If you've been asked to be a member of the bridal party for a close friend or family member's wedding, congrats! While this is definitely an exciting undertaking, it can also get pretty costly, which presents the question of who pays for the bridesmaid dresses? Is the bride responsible for purchasing all of the bridal party dresses, or do the bridesmaids buy their own dresses? What about alteration costs—or what if one of the 'maids doesn't have the budget for the gown?
Everything related to what the bridal party pays for can get tricky, so we had wedding etiquette experts Diane Gottsman and Gabriella Risatti weigh in to answer all of your burning bridesmaid dress questions.
Meet the Expert
- Diane Gottsman is a national etiquette expert and author, as well as the founder of The Protocol School of Texas.
- Gabriella Risatti is the founder of Gabriella New York Bridal Salon. Prior to opening her bridal boutique in 2008, she spent a decade working in the buying offices of fashion labels including Ralph Lauren and Calvin Klein.
Who Pays for the Bridesmaid Dresses?
According to Risatti, old-school rules regarding who pays for bridesmaid dresses have gone out the window. If the bride can afford to, it's a very thoughtful gesture for her to pay for the dress or a portion of the cost for each of her bridesmaids. "We’ve seen more brides paying for their bridesmaid dresses, especially if they pick a more expensive dress for their 'maids to wear," she says.
While generous, that's still an exception to the norm. Generally speaking, bridesmaids are expected to pay for their own dresses and accessories as well as potentially hair and makeup appointments and transportation to the wedding. According to Gottsman, bridesmaids should be prepared to cover the costs for these expenses once they accept the offer. That being said, it's the bride's responsibility to let everyone know about all upcoming financial responsibilities from the get-go, and bridesmaids should be honest and upfront if they'll be under a monetary strain.
How Much Do Bridesmaid Dresses Cost?
Given the various expenses your bridesmaids will be taking on in the lead-up to your wedding, it's essential that brides carefully consider the cost of their dresses as well as their heights and body types when choosing their wedding-day ensembles. Gottsman says bridesmaid dresses can range anywhere from $100 to upwards of $800. "It all depends on how lavish the wedding is, and the stores you go to shop," she notes.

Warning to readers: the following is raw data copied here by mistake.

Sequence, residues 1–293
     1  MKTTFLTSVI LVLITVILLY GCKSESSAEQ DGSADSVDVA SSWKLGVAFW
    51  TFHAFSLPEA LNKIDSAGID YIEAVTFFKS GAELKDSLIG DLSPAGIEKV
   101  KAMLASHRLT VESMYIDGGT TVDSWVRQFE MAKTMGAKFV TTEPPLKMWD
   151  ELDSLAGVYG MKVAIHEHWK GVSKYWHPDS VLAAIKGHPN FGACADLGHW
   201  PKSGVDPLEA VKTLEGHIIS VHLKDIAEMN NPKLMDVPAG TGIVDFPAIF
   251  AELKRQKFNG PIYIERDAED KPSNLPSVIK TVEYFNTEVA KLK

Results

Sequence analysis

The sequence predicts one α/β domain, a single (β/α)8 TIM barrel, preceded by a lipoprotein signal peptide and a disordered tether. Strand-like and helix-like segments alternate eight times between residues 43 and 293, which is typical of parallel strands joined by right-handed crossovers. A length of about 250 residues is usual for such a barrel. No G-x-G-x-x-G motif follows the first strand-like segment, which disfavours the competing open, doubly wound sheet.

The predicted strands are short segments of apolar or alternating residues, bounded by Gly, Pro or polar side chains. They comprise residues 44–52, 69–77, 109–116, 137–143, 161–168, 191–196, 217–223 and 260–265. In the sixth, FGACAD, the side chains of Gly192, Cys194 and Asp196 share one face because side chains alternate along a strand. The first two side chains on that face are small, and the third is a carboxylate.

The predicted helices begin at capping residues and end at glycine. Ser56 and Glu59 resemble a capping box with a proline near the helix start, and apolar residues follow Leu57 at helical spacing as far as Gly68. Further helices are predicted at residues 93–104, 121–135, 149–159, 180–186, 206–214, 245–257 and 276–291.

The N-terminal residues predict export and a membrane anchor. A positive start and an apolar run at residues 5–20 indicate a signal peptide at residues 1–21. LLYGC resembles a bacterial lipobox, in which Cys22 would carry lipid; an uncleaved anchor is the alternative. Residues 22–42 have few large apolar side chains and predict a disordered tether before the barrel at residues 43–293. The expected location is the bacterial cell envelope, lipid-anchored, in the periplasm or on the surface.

As you browse gowns, choose styles that are flattering, comfortable, and within an agreed upon budget with your bridal squad. The cost of being a bridesmaid is often at the heart of any conflicts that may arise between brides and their 'maids, and the last thing you want is for your attendants to be upset or frustrated about having to shell out a ton of cash on a dress they will never wear again.
What If a Bridesmaid Can't Afford a Dress?
If a member of the bridal party isn't able to foot the bill for the bridesmaid dress, Risatti recommends that the engaged couple step in to help cover the cost and work that expense into their wedding budget, if possible. However, this should be a private matter so that the other bridesmaids don't feel slighted. Risatti also suggests that brides pick their bridesmaid dresses as early as possible so that each of the 'maids will have the maximum amount of time to save up for the gown. Additionally, check to see if the store selling the gowns offers a payment plan.
If the dress still isn't a feasible option for one or more of your bridesmaids, consider shopping for a similar look that costs much less. "While you wouldn’t want to sacrifice style, there are a lot of great, affordable bridesmaid dress options out there, so it’s worth looking," says Risatti.
Alternatively, opting for mismatched bridesmaid dresses opens up a whole new world of options: If the bridesmaids are each selecting different gowns within the same color scheme, it's also likely easier to find a pretty, flattering style that doesn't break the bank. "You get to be more flexible," says Gottsman. "Or, someone might already have one hanging in their closet that fits the bill perfectly."
If all options have been exhausted and you're still at an impasse, the bridesmaid may need to take on a different role within the wedding. She could give a reading at the ceremony or help greet guests, notes Risatti, which will make her feel involved without having to splurge on a pricey dress.